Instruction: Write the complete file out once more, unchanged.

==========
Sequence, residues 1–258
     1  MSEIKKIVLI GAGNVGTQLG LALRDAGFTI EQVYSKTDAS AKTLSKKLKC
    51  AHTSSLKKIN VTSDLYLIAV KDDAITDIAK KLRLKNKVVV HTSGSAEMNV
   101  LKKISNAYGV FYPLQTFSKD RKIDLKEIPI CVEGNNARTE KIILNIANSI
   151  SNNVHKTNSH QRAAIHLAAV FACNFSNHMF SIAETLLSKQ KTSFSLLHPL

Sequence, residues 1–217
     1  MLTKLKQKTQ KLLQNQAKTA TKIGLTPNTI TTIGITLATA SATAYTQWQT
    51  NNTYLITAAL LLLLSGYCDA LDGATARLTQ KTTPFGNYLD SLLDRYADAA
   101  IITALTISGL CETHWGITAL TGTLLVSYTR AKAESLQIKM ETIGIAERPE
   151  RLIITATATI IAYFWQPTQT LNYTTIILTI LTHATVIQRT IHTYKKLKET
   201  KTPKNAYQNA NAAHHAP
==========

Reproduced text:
Sequence, residues 1–258
     1  MSEIKKIVLI GAGNVGTQLG LALRDAGFTI EQVYSKTDAS AKTLSKKLKC
    51  AHTSSLKKIN VTSDLYLIAV KDDAITDIAK KLRLKNKVVV HTSGSAEMNV
   101  LKKISNAYGV FYPLQTFSKD RKIDLKEIPI CVEGNNARTE KIILNIANSI
   151  SNNVHKTNSH QRAAIHLAAV FACNFSNHMF SIAETLLSKQ KTSFSLLHPL

Sequence, residues 1–217
     1  MLTKLKQKTQ KLLQNQAKTA TKIGLTPNTI TTIGITLATA SATAYTQWQT
    51  NNTYLITAAL LLLLSGYCDA LDGATARLTQ KTTPFGNYLD SLLDRYADAA
   101  IITALTISGL CETHWGITAL TGTLLVSYTR AKAESLQIKM ETIGIAERPE
   151  RLIITATATI IAYFWQPTQT LNYTTIILTI LTHATVIQRT IHTYKKLKET
   201  KTPKNAYQNA NAAHHAP